Luther and the Scriptures
One day, when Martin Luther was 20 years old, he saw something he had never seen before–a Bible –chained to the wall in the university library. Apparently, this was common as they were expensive and were chained to keep from being stolen. He was fascinated as he read the stories of Hannah and Samuel. When he later entered the monastery, he was given a red leather Bible, and he practically devoured it. “I read the Bible diligently. Sometimes one important statement occupied all my thoughts for a whole day.” He cherished the Scriptures. “It illumines everything just as the sun does.” Scripture “alone as the fountain of all wisdom.” He read it so much that when a passage was referenced he knew what page to find it on.
Luther eventually became an expert on the Scriptures, as he became the Bible professor at the university. He began to see that the Church as the creation of the Word, not vice versa. “The Scripture is the womb from which are born theological truth and the Church,” he said. “For the Word of God is incomparably superior to the Church, and in this Word the Church, being a creature, has nothing to decree, ordain, or make, but only to be decreed, ordained, and made. For who begets his own parent? Who first brings forth his own maker?” This is one of the key points of the Reformation—the authority of the Bible over the popes, councils, creeds and church fathers.
He didn’t reject these things—just that they should be measured against the Scriptures. For example, he agreed that the creeds of the church were authoritative, because they are grounded in Scripture. The Apostles’ Creed is “truly the finest of all” since “briefly, correctly, and in a splendid way it summarizes the articles of faith, and it can easily be learned by children and simple people.” He also valued the Nicene and Athanasian creeds; they are based on Scripture.
The Church Fathers have the same test. He quoted them often, but, he said, “Their authority is worth most when it has clear scriptural support.” He said, “I do not reject them. But everyone, indeed, knows that at times they have erred, as men will; therefore, I am ready to trust them only when they give me evidence for their opinions from Scripture, which has never erred.” He was suspicious however of the church fathers because of how the Roman Church used them to confirm unscriptural practices. “Neither councils, fathers, nor we, in spite of the greatest and best success possible will do as well as the Holy Scriptures, i.e., as well as God Himself has done.” He said, “If it agrees with what Christ taught us, then let us accept it and do according to it.”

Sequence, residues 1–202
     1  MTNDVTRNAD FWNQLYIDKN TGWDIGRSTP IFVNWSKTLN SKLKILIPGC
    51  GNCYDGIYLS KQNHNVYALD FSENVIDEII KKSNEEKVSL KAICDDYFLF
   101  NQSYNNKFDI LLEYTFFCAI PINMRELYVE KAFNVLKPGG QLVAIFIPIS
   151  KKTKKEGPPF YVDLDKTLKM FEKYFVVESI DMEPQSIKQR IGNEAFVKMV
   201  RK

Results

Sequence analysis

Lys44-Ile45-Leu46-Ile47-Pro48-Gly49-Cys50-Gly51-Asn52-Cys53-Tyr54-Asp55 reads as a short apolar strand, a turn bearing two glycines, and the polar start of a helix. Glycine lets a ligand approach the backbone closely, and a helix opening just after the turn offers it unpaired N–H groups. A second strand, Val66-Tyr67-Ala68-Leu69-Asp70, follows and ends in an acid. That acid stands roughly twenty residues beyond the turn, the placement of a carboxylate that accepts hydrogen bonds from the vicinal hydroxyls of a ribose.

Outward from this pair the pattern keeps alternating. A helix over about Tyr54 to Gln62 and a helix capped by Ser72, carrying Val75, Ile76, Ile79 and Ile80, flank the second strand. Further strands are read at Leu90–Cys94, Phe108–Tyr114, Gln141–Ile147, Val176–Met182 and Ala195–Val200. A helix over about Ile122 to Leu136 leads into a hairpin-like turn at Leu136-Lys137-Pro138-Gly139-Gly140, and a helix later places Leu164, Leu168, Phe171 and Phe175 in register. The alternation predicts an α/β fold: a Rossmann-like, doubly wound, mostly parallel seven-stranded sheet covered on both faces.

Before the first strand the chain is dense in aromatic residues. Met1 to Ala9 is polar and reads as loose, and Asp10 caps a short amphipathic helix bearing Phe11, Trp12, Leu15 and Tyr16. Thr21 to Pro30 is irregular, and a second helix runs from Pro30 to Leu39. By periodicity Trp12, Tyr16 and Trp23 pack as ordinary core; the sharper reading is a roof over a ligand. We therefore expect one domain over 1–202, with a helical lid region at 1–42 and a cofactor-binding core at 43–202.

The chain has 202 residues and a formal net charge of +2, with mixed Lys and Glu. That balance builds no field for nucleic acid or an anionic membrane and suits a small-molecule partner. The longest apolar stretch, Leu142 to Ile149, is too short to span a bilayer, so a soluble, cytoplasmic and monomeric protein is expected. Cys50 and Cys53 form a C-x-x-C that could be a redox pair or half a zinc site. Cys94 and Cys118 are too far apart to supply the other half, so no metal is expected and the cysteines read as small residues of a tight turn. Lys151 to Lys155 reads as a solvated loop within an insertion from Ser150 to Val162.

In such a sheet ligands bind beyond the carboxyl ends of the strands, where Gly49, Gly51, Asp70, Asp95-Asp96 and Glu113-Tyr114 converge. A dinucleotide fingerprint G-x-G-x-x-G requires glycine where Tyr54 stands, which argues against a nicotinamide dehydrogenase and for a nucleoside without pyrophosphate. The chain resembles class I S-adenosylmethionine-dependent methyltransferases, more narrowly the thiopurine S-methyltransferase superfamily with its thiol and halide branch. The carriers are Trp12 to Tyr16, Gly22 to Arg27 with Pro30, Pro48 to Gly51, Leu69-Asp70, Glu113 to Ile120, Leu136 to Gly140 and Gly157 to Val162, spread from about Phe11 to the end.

Luther responded to the trite argument you hear even today, that the Church is the source of the Scriptures because it was responsible for selecting the books included in the canon. “it follows that the Church is superior to the Gospels, What a splendid argument!” Luther sarcastically responds. “I approve Scripture. Therefore I am superior to Scripture. John the Baptist acknowledges and confesses Christ. He points to Him with his finger. Therefore he is superior to Christ. The Church approves Christian faith and doctrine. Therefore the Church is superior to them.”
Luther sums it up: “The neglect of Scripture, even by spiritual leaders, is one of the greatest evils in the world. Everything else, arts or literature, is pursued and practiced day and night, and there is no end of labor and effort; but Holy Scripture is neglected as though there were no need of it. Those who condescend to read it want to absorb everything at once. There has never been an art or a book on earth that everyone has so quickly mastered as the Holy Scriptures. But its words are not, as some think, mere literature; they are words of life, intended not for speculation and fancy but for life and action. But why complain? No one pays any attention to our lament. May Christ our Lord help us by His Spirit to love and honor His holy Word with all our hearts.